The reason we are vulnerable to falling house prices is quite simple. The pandemic housing boom has seen house prices across the country soar far above what incomes would have historically supported. In some markets, such as Phoenix and Las Vegas, it mirrors levels reached during the 2000s housing bubble. On Wednesday, Powell told reporters that the housing correction could help balance those fundamentals.

“The longer it is [mortgage] the rates remain high, our opinion is that the accommodations will continue to feel it and have this mode of restoration. And the accessibility restoration mechanism at this moment that needs to happen is active [home] prices. And so there are many markets across the country where we expect house prices to drop by double digits, “says Palacios. Fortune.

3. The “fix” of the accommodation broke the fever. This should restore balance.

This summer, Federal Reserve researchers released a paper discovering that the pandemic housing boom was driven by increased demand, not supply constraints.

“Even though the supply of new listings for sale dropped dramatically at the start of the pandemic, we show that the reduction in supply was a minor factor than the increase in demand to explain the tightening of housing markets in the first year of the year. pandemic, “the Fed researchers wrote.” Our estimates imply that new construction would have had to increase by about 300% to absorb the increased demand of the pandemic era. ”

The ongoing housing correction has halted that boom in demand. Once mortgage rates moved north of 5%, home buyers began to guess the moves to markets like Austin and Boise. Other buyer groups that helped drive the pandemic housing boom, such as fins and second home buyers, have also backtracked.

The Fed’s fight against inflation will not help tackle the nation’s housing deficit. However, putting aside the surge in demand from the pandemic housing boom, the Fed could help restore some “balance” to the market.

4. The housing market correction will soon spread across the economy.

The Fed’s real estate reset isn’t just about housing. It is about taming inflation.

“Housing is a primary transmission mechanism for the Federal Reserve and its monetary tightening is partly intended to cool the housing market as part of the Fed’s efforts to fight inflation,” said Odeta Kushi, deputy chief economist. of First American, a real estate finance service company.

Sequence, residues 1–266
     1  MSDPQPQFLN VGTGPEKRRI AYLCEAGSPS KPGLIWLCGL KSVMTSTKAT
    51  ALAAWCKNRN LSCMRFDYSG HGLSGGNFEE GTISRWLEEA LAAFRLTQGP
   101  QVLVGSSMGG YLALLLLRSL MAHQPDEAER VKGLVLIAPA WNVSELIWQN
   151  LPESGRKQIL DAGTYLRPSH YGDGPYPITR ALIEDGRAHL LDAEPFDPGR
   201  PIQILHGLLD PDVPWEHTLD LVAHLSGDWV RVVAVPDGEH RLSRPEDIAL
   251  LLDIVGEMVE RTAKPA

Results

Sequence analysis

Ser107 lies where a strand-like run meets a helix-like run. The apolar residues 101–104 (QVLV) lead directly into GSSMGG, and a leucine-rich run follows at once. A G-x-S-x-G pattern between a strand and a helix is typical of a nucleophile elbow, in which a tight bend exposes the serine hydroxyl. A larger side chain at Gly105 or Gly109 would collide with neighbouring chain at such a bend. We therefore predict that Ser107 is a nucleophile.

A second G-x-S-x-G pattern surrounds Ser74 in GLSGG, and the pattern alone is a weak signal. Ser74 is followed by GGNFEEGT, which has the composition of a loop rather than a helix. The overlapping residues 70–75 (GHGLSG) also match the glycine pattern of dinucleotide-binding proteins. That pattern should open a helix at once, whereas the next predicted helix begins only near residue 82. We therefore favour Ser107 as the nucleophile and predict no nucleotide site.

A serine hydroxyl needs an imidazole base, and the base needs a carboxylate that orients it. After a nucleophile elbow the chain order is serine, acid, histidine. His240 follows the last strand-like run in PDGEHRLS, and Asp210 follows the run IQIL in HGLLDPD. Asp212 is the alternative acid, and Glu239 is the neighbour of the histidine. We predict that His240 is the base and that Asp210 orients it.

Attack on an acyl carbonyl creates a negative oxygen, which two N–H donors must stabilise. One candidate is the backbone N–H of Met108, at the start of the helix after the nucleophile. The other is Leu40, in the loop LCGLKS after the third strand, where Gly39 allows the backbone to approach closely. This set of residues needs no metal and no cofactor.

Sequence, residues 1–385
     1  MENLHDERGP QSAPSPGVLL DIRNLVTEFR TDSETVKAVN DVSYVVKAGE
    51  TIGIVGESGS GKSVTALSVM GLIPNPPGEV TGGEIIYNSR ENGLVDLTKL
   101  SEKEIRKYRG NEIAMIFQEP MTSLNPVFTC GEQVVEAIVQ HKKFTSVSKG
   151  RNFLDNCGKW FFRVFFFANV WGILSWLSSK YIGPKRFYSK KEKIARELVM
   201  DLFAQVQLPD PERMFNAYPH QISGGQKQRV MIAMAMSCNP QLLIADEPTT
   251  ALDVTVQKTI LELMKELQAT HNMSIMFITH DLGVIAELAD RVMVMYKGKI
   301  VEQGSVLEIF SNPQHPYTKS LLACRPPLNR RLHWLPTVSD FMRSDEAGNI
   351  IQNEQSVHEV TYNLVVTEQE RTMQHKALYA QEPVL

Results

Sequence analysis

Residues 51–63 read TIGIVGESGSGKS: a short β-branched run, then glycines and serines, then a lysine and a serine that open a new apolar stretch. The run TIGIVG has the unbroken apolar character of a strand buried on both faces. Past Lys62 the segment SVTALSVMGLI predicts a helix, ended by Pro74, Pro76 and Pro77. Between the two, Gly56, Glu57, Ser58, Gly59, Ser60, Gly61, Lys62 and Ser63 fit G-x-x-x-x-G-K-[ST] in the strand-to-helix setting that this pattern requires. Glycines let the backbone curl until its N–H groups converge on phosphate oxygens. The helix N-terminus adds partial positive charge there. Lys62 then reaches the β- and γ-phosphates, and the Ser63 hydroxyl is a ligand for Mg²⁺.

Around the world, central banks are exerting upward pressure on long-term interest rates, including mortgage rates, signaling that short-term rates will stay higher for longer. As mortgage rates rise, home sales and construction go down. This decreases the demand for services such as home loans and removals. It also decreases the demand for raw materials (such as timber) and durable goods (such as refrigerators). These economic contractions then spread to the rest of the economy and, in theory, help weaken the labor market and reduce inflation.

The real estate market has already clearly weakened. However, we are still at the beginning of that weakness that is spreading to the rest of the economy.

5. The Fed’s mandate is not housing.

The Fed has a dual mandate from Congress: to maintain “maximum employment” and “stable prices”. But as long as inflation remains above the Fed’s 2% target, Powell says the latter will be the central bank’s main target. Even if it means pushing the economy into a recession to achieve it.

Ideally, Powell would like to see the Fed real estate “reset” bring us back to a balanced real estate market. Ultimately, however, the Fed’s mandate is not to make sure housing is affordable. If inflation turns out to be sticky, a scenario could be envisaged in which the Fed pushes so hard on the housing market that new construction collapses. If that happens, it will likely send us into the kind of recession that stifles inflation. However, it could exacerbate the nation’s housing supply deficit. It certainly wouldn’t be the kind of balance that would-be buyers are looking for.

“Since April, we have communicated to clients that the Fed’s intentions were to throw demand for housing under the bus, a kind of sacrificial lamb to help keep inflation in check,” says Palacios. Fortune.

Do you want to stay updated on housing correction? Follow me on Twitter at @NewsLambert.